Utilitarianism is an ethical framework for effective moral action. Fundamentally, it is based quantifying good in terms of utility and attempting to maximize that quantity. Utility is often defined as happiness or pleasure, although there are other variants, such as the satisfaction of preferences, or preference utilitarianism. This framework is often defined as an effort to achieve the greatest good for the greatest number. There are also numerous sub-strands of utilitarianism with various caveats and footnotes on the basic theme. It is a form of consequentialism, where the ends justify the means: if an interim valley of negative utility must be traversed to reach a peak of greater utility, then this doctrine advocates it.
Utilitarianism has been used as a framework to argue for the value of different actions or political philosophies since it was first formulated. People have probably had utilitarian thoughts for a very long time, but in written records it originates with the Greek philosopher Epicurus. The origins of modern utilitarianism can be traced to the 18th century British philosopher Jeremy Bentham. He called his formulation “the greatest happiness principle.” Following Bentham was John Stuart Mill, who greatly admired Bentham, and published the famous short work Utilitarianism. Today, John Stuart Mill is the name most often associated with this doctrine.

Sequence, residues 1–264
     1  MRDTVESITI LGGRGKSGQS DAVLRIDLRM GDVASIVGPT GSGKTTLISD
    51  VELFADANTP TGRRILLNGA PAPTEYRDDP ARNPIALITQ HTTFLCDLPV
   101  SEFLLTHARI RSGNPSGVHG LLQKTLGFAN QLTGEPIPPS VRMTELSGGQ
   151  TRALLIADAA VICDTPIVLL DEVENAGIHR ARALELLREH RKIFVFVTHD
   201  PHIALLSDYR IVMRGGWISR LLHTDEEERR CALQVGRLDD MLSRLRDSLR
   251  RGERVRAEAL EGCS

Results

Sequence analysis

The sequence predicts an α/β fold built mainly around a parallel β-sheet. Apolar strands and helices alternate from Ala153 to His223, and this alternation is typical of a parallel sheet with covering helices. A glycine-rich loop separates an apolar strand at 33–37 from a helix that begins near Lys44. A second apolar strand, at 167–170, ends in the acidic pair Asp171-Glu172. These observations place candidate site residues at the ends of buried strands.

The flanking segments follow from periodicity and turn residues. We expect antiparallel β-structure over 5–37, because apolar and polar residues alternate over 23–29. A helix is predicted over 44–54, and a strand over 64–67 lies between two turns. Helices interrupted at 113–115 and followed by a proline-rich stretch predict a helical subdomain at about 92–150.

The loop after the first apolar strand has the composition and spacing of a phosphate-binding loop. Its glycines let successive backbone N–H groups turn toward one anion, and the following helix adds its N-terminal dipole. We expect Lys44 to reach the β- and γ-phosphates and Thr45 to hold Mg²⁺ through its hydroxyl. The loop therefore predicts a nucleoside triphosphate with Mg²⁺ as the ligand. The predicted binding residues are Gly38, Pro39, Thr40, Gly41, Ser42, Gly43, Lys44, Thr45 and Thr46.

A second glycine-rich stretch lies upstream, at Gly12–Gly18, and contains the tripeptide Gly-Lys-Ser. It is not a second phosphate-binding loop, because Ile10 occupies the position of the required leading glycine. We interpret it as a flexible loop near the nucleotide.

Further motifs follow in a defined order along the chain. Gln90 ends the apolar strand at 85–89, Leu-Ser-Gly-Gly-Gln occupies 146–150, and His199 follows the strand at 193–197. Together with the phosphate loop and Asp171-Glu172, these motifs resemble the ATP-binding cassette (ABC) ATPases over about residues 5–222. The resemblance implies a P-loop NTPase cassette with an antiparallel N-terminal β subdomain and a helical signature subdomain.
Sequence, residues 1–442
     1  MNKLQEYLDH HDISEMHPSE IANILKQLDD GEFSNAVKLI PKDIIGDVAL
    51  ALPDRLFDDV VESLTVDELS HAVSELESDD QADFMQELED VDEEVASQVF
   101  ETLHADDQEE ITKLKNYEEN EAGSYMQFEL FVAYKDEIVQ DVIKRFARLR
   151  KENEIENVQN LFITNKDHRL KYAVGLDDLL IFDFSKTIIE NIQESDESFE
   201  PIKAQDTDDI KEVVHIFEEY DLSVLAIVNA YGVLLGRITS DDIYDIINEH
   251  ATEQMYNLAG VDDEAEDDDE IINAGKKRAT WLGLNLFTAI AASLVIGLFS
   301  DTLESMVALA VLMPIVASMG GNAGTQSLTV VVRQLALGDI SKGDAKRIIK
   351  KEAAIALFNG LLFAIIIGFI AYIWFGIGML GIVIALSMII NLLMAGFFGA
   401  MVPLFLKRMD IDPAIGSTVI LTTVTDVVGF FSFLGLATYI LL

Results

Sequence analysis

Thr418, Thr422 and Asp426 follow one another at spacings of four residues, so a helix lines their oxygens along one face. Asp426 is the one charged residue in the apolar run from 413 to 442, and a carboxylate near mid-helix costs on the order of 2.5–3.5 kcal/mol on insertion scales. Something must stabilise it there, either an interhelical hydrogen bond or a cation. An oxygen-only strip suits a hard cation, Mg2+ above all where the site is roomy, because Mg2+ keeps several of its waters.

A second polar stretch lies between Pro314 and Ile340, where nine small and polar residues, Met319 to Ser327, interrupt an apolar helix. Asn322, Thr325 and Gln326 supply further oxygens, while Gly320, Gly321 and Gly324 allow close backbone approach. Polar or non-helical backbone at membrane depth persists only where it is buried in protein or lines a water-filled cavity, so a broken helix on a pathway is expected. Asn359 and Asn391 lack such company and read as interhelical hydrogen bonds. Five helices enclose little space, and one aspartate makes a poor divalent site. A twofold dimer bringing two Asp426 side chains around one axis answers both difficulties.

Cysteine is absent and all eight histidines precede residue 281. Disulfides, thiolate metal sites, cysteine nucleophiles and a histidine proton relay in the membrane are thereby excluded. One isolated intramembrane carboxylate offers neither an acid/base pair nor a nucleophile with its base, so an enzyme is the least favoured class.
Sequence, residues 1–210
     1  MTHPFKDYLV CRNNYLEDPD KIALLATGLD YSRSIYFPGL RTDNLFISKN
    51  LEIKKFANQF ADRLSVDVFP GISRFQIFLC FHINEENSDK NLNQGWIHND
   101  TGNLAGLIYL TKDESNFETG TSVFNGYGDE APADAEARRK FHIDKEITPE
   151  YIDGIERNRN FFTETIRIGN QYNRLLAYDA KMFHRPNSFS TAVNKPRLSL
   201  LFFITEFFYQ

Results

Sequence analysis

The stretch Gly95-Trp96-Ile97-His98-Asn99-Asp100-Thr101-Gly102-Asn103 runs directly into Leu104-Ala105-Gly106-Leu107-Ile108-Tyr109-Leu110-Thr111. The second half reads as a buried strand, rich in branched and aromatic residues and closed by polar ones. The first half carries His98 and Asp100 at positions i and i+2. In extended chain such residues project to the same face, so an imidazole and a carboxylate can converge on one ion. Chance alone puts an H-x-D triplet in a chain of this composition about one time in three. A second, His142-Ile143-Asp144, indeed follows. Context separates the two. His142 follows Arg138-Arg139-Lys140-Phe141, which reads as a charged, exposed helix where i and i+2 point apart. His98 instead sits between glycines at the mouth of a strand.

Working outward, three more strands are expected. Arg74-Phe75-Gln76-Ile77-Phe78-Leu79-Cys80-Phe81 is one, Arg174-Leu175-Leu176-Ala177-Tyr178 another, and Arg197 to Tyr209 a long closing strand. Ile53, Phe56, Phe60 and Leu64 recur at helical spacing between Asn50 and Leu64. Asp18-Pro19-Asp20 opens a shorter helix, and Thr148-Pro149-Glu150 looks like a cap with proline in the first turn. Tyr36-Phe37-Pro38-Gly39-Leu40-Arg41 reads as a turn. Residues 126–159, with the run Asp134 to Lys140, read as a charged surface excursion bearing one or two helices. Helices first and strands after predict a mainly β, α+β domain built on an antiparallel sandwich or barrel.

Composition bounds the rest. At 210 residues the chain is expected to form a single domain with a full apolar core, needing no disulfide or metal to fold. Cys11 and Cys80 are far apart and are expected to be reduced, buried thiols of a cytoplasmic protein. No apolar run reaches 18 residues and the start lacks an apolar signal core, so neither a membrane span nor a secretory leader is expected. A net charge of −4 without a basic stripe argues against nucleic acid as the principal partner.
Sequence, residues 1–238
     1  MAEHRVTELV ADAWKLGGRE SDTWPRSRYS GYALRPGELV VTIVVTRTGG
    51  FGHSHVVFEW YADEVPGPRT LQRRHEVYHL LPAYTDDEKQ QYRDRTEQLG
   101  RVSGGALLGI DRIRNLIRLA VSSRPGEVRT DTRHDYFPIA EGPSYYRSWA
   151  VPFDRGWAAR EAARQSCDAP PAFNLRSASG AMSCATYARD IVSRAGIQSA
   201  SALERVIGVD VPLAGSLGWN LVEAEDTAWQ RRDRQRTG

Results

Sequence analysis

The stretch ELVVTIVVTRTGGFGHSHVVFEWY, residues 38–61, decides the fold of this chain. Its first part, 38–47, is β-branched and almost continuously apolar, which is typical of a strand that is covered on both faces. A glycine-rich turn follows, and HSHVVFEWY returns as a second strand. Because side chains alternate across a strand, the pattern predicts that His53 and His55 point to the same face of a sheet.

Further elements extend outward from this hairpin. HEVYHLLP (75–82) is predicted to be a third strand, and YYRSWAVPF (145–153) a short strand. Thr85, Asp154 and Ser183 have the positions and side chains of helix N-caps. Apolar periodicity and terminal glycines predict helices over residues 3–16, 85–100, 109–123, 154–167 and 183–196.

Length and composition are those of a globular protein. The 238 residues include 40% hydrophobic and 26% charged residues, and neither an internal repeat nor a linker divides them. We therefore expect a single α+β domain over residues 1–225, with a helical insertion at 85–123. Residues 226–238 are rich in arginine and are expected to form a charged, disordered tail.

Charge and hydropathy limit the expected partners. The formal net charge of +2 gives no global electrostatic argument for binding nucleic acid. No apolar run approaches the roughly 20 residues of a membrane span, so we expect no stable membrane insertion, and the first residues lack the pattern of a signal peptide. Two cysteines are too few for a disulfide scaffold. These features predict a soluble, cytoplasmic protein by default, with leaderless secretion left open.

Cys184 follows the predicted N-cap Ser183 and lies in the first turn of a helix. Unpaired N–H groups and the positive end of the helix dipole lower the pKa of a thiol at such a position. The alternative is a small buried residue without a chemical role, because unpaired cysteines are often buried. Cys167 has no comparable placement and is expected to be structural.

In his writing, Mill argued that cultural, intellectual, or spiritual pleasures had a deeper meaning than mere physical pleasure, because someone who had experienced both would value the former more highly. In his other works, such as the essay On Liberty, Mill used utilitarianism to argue for his “liberty principle,” which states “the only purpose for which power can be rightfully exercised over any member of a civilized community, against his will, is to prevent harm to others.”
There have been multiple variations of utilitarianism developed since the days of Mill. The overarching framework is compatible with a number of different philosophies. The first notable division is that between act utilitarianism and rule utilitarianism. Under act utilitarianism, each action is examined on a case-by-case basis and selected according to which is predicted to lead to the highest utility. Under rule utilitarianism, the moral agent looks to formulate and act under guidance of rules which maximize utility if they were to be consistently followed.
In negative utilitarianism, the goal is to minimize negative utility — pain and suffering — rather than maximize positive utility, as it is argued that the negativity of negative utility is greater than the positivity of positive utility. However, it has been pointed out that an implication of this is that we should act to radically decrease the population or even eliminate it entirely, as a subgoal of eliminating negative utility. For this reason, this variation is controversial.